Terms  Definitions 

inference 
the process of learning about a population by studying a sample

sample regression 
estimates the association between x and y in the entire population

regression line 
an estimate from a sample trying to describe the true regression line from the population

observational study 
a statistical study in which the subjects are not modified (just observed) so that researchers can measure and record certain characteristics

experiment (experimental study) 
A statistical study in which a "treatment" is applied to the subjects (i.e. they are modified) and researchers measure the effect of the treatment

lurking variable (confounding variable) 
other variables that may influence the response that are not studied

explanatory variable 
variable that explains or causes the differences in another variable, ( "x" or independent variable)

response variable 
variable which is thought to depend on the value of the explanatory variable, ("y", dependent variable)

study question 
the question about the population that the study is attempting to answer

population 
the complete set of all individuals/objects the study is attempting to answer a question about, the whole group of individuals we are interested in

study subjects 
the individuals actually measured in the study (i.e. the selected sample of individuals/objects from the population)

treatment 
what the research does/gives to some or all of the study subjects; the factor whose effect is under study; also called the explanatory variable

response variable 
the quantity or characteristic that is measured to determine the treatment effect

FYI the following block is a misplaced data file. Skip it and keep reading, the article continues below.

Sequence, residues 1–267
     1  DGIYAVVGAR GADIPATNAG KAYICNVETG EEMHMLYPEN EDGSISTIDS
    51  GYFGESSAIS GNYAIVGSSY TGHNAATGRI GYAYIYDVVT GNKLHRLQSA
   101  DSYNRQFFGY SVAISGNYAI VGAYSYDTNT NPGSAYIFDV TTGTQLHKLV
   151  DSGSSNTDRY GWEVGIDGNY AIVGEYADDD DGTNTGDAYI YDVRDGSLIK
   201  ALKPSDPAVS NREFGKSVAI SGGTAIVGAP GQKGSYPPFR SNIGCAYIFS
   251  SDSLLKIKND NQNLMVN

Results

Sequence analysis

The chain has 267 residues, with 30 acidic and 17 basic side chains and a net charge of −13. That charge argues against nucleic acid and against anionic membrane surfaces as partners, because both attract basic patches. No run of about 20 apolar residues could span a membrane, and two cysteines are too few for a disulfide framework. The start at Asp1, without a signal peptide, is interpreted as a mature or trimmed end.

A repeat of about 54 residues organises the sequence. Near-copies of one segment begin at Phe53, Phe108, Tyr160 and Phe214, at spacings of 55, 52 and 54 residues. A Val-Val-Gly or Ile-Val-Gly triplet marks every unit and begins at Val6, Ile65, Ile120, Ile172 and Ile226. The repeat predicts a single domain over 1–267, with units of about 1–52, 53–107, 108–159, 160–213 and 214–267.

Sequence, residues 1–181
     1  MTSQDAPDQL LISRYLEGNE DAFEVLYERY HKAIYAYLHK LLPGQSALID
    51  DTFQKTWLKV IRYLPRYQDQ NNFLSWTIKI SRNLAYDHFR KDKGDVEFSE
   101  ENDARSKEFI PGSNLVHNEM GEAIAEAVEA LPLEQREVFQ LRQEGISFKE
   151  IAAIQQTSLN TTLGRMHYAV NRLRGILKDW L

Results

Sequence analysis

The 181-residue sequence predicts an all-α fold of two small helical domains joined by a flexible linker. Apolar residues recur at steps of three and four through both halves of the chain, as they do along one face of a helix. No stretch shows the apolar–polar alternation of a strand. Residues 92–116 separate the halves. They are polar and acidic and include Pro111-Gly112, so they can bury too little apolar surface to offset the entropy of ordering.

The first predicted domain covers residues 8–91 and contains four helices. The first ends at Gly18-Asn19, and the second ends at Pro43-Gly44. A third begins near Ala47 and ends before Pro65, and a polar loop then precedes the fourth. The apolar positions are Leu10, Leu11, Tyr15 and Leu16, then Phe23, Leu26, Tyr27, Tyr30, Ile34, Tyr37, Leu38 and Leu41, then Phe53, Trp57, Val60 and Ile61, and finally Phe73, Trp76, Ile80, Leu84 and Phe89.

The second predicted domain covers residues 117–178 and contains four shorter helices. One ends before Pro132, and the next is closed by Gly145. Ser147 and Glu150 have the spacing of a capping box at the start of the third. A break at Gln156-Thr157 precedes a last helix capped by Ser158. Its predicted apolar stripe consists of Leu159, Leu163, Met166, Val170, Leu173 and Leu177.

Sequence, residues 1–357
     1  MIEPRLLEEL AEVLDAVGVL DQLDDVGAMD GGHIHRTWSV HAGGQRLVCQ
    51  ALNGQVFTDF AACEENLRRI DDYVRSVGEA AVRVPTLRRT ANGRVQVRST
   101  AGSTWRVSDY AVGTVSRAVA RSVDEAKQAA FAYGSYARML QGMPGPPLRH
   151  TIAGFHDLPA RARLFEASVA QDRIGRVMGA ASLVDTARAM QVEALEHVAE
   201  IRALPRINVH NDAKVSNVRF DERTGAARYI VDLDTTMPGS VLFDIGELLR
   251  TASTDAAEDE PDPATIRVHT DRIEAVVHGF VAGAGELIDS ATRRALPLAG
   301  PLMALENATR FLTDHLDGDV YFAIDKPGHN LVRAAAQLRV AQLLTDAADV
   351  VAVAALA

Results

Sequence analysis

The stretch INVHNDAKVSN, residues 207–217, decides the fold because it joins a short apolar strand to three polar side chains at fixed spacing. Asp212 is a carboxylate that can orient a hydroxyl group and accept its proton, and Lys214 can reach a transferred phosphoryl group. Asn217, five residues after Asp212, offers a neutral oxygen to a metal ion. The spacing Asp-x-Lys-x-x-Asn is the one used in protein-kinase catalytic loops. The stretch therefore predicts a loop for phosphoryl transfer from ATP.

control group 
group of subjects that have the same sources of variability as those receiving the treatment but does NOT receive treatment; sometimes called the placebo group

confounding factor 
any factor other than the experimental treatment that can affect the response variable in the experiment

completely randomized design 
a design in which the treatments in the experiment are randomly assigned to the experimental units without using matched pairs or blocks

researchers 
people who make measurements

single blinding 
subject doesn't know if he/she is in the treatment or control group

double blinding 
neither RESEARCHERS nor SUBJECTS know where the participants are assigned between the control and treatment group

matched pair design 
makes two measures on each subject

blocking design 
extension of completely randomized design
 put similar subjects into blocks, expect the blocks to differ with respect to the response variable then do a completely randomized experiment within each block 
block 
a group of subjects that are similar in some way

"blocks" refers to ... 
individuals

"experimental units" refers to... 
repeated time periods in which the blocks receive the varying treatments